How To Tell If You're The Victim Of A SIM-Swapping Attack

SIM-swapping attacks might sound like one of the identity theft horror stories that only happens to people who are too careless or cavalier with their personal information, but more of us are at risk than it seems.

A recent study from Princeton found that several U.S. carriers are vulnerable to SIM-swapping attacks, and prepaid accounts are the most susceptible. Researchers signed up for ten prepaid accounts on AT&T, T-Mobile, Tracfone, US Mobile, and Verizon each. They were then able to successfully “trick” customer service reps and circumvent account security protocols to gain control of activated devices. They then remotely disabled these devices’ network access, which is how most SIM-swap attacks begin. You can read the entire paper here (via Engadget).

The results are alarming. SIM-swap attacks are one of the most dangerous forms of identity theft, and while it takes time and effort to pull off, it’s apparently much easier of the target is using a prepaid account on AT&T, T-Mobile, Tracfone, US Mobile, or Verizon.

Editor's Note: While this study was based in the U.S., SIM-swap attacks can happen globally, on any network.

That said, all smartphone users on any carrier should be aware of how SIM-swap attacks work. You’ll find more information about how SIM-swap attacks are carried out and how to respond to them in our explainer, but we wanted to talk more about how to spot a SIM-swap attack in light of the Princeton study.

Spotting an attempted attack before it happens

SIM-swap attacks normally begin with an old-fashioned phishing scam. Email phishing is still surprisingly common, but hackers also use fake login pages, apps loaded with spyware or keyloggers, fake ads, and malicious message attachments to gain access to your accounts. Once they have that, all it takes is knowledge of your phone number and some personal data to execute a SIM-swap attack.

Phishing isn’t the only way to start a SIM-swap attack; hackers can get your info from leaked personal data, or even physically lift it from your devices. You should always take proper care to respond to leaks and avoid losing your device (or letting the wrong people use it).

Some early SIM-swapping attack warning signs

When you’ve been hit with a SIM-swap attack, your device will start acting up. Here are some clues that you might be the victim of these specific type of hack:

  • Sudden changes in service. The first sign of a SIM-swap attack is receiving notifications from your provider that your phone number or SIM card has been activated elsewhere. However, many providers have security measures in place to reduce the likelihood of a successful takeover, and they may try to confirm account changes with you before they take affect. Or at least they say they do.

  • Unauthorised security alerts. Similarly, if you have the proper settings enabled, you may receive notifications or email alerts that important profile data—such as passwords, pin numbers, security questions, contact info—for your service provider and other accounts has been changed or that logins were made (or attempted) from unrecognised locations or devices.

You need to respond to these alerts immediately, regardless of if anything was successfully changed. Someone is trying to hack into your accounts and steal your identity—whether by a SIM-swap attack or some other means. The faster you catch and react to these attempted changes, the better your chances are of mitigating the hack’s severity.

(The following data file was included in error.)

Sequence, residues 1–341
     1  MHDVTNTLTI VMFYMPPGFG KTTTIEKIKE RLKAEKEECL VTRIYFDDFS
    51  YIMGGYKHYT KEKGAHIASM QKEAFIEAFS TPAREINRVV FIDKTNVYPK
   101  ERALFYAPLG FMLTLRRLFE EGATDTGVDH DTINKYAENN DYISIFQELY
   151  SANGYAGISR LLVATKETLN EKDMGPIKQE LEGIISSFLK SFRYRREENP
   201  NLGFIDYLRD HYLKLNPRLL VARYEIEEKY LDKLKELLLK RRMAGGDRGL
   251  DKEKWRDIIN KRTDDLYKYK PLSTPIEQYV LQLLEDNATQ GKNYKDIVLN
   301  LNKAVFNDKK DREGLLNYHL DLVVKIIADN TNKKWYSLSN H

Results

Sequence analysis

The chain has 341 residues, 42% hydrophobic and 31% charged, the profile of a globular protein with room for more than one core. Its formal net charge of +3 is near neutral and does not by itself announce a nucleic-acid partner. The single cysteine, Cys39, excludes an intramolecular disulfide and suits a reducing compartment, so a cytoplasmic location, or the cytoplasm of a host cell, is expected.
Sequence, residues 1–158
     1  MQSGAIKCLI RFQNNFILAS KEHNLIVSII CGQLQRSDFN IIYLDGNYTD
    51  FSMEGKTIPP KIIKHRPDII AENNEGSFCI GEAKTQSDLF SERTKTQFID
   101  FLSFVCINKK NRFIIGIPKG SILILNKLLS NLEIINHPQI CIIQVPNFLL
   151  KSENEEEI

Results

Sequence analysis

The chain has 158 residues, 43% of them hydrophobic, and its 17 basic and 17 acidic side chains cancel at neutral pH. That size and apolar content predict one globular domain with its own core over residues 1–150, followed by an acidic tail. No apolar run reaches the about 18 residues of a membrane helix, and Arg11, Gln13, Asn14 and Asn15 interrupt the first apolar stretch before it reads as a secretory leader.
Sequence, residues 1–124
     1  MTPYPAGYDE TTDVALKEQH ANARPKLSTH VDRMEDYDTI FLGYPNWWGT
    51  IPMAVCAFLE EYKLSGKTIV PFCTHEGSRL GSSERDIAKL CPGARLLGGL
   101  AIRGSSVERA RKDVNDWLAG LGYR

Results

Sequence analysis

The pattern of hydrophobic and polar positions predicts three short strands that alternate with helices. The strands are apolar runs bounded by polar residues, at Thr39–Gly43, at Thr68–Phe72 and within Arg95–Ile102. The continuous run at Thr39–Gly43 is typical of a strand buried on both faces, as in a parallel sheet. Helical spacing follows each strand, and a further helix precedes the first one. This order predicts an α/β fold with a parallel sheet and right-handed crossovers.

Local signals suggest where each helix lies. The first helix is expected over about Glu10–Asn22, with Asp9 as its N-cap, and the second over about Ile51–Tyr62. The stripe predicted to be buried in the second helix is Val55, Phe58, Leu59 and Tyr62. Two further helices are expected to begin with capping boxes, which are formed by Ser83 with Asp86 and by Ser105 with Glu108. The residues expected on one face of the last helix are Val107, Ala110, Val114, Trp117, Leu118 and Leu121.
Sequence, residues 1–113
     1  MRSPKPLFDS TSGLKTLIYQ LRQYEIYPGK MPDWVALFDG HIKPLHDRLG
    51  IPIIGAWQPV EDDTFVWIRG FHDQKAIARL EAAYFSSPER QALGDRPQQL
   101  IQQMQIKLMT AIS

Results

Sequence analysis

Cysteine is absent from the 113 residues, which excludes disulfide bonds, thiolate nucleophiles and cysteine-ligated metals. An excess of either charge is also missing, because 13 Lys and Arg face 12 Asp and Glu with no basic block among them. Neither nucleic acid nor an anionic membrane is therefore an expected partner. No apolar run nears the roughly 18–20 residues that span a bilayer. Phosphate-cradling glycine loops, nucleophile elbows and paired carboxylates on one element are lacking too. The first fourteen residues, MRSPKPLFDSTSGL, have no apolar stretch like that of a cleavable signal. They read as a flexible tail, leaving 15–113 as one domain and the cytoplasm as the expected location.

Signs of a successful or ongoing SIM-swapping attack

What you’ll experience after a successful SIM-swap attack is even scarier. Once someone gains access to your phone number, they now have access to any apps, accounts, or personal data tied to it (including two-step authentication requests). From there, it’s only a matter of minutes before they’ve locked you out of everything and assumed your identity.

Here are some additional warning signs to look out for:

  • You cannot send or receive texts and phone calls. Once your phone number has been activated elsewhere, the device it was previously tied to becomes inert.

  • Someone says your social media or email has been hacked. As Mathew Miller reported on ZDnet after falling prey to a SIM-swap attack, a hacked Twitter account can be a sign of more than just poor password strength—it’s one of the easiest ways to catch a SIM-swap attack. If you’re able to still log in despite an apparent hack, change your login and contact info asap. Otherwise you’ll need to contact customer service.

  • Being unable to use any apps on your phone. If you’ve suddenly been signed out of all your apps and various other accounts and can’t log back in, that’s an obvious sign of some kind of identity theft. The severity of this depends on the affected apps and how widespread it is. If it’s just one app, it’s possible your password was changed on your behalf by the company in response to a data breach or suspicious activity. Check if you can still sign into your emails, comb through your tests, and double-check for any missed push notifications regarding password changes. However, if this is happening happening to several apps—or you’re experiencing any other symptoms described in this post—that’s a sign of a SIM-swap attack or some other major issue with your security.

  • Unauthorised bank activity. Your financial institutions will send fraud alerts or suspicious activity—though, if your phone number and email addresses are compromised, your attacker will probably be able to intercept these before you’re aware. Still, if you are getting alerts or notice anything suspicious, contact your bank.


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